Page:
• East Dam to West/East Channel Confluence 0.2 miles.  Perhaps the most extraordinary rapids in the state with Class 4/5+ rapids.  The action starts below the dam where steep granite banks narrow the river significantly and force it down deep chutes.  The gorge starts with Class 2-3 rapids but ends with two significant drops.  American Whitewater warns “between the dam and this point lie some serious drops which contain near inescapable boiling cauldrons at moderate to high flows”. 
  • Hatfield Dam Confluence/West Clay School Road to Powerhouse Road Landing (3.1 miles)
    • Hatfield Dam Confluence to Hwy K:  (0.3 miles)  One of the most scenic paddling areas in the state with massive granite outcrops.  There is one set of Class 2 rapids.
    • Hwy K to Powerhouse Road Landing:  (2.8 miles) The first half mile by Hwy K is very scenic and contains one Class 3.  The second mile is mostly flatwater.  The third mile is almost continuous rapids and features one Class 3.
  • Powerhouse Road Landing to Halls Creek Landing:  (4.0 miles)  Scenic section with a few Class 2 rapids and a steep ledge.
  • Halls Creek Landing to Black River Falls Dam:  (6.2 miles)  Wonderful sandstone cliffs.

Alternate Black River Trips – Black River Falls to Mouth:

  • Black River Falls Dam to Mason’s Landing (4.7 miles)  A great little section.
  • Mason’s Landing to Irving Landing:  (9 miles)  A good section.
  • Irving Landing to Lost Falls Campground (2.3 miles)  A popular stretch.   Highlights include a few small outcrops, two tiny waterfalls, several impressive sandbars, and one large sandbank.  A side hike to Roaring Falls can be arranged.  Note Lost Falls Campground is private and you must purchase a pass from them to use their access.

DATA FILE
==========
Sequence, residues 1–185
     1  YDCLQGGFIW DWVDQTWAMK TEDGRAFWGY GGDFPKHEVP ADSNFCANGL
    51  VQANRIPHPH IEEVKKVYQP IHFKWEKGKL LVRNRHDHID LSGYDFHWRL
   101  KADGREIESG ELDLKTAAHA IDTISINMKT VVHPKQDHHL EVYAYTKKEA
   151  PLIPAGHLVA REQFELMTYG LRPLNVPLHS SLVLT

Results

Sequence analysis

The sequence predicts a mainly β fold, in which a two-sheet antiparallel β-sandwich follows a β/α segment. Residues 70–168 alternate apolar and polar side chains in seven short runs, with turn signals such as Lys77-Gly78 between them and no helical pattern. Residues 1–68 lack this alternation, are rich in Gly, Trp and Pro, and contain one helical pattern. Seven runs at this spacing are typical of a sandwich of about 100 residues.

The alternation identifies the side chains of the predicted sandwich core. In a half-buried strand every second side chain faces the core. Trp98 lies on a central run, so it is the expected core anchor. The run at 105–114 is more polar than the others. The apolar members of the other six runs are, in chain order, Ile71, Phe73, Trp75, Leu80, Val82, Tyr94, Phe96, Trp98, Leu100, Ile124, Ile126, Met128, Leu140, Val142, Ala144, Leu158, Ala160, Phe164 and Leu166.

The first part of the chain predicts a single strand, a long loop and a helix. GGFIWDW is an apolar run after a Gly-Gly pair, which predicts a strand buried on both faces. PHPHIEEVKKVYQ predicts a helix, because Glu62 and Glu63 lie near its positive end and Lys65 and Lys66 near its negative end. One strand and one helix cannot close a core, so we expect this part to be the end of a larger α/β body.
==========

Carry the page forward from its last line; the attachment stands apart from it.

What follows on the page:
• Lost Falls Campground to Grinde Landing:  (6.4 miles)  A popular section with some nice outcrops and a waterfall by Roaring Creek.  Wolf Creek may also have a cool slot canyon.  The river splinters into multiple channels, some of which may be quite shallow in later summer.  As of 2023, Grinde Landing is closed because somebody stole the owner's deer stand.
  • Grinde Landing to Melrose Landing:  (3.9 miles)  A shorter section but with a really nice rock outcrop before Melrose Landing.  As of 2023, Grinde Landing is closed because somebody stole the owner's deer stand.
  • Melrose to North Bend:  (10.1 miles)  Likely the most popular stretch with the best sandbars on the river, three sets of outcrops, and a few waterfalls.
  • North Bend to Hwy 53:  (13.3 miles)  Likely a nice paddle with sandbars, large sandbanks and maybe a few outcrops.  Unfortunately it is very long.
  • Hwy 53 to Hwy 35 (8 miles)  A nice section with epic sand banks.
  • Hwy 35 to Lytle Road:  (4.0 miles)  Goes through the Van Loon Floodplain Forest.  This can be a shallow trip but features many nice sandbars.
  • Lytle Road to Fred Funk Boat Landing (Mississippi):  (5.0 miles)  Multiple options because of the river delta.

Trip Map

Overview Map



How did your trip turn out? Questions or comments? Feel free to leave your feedback.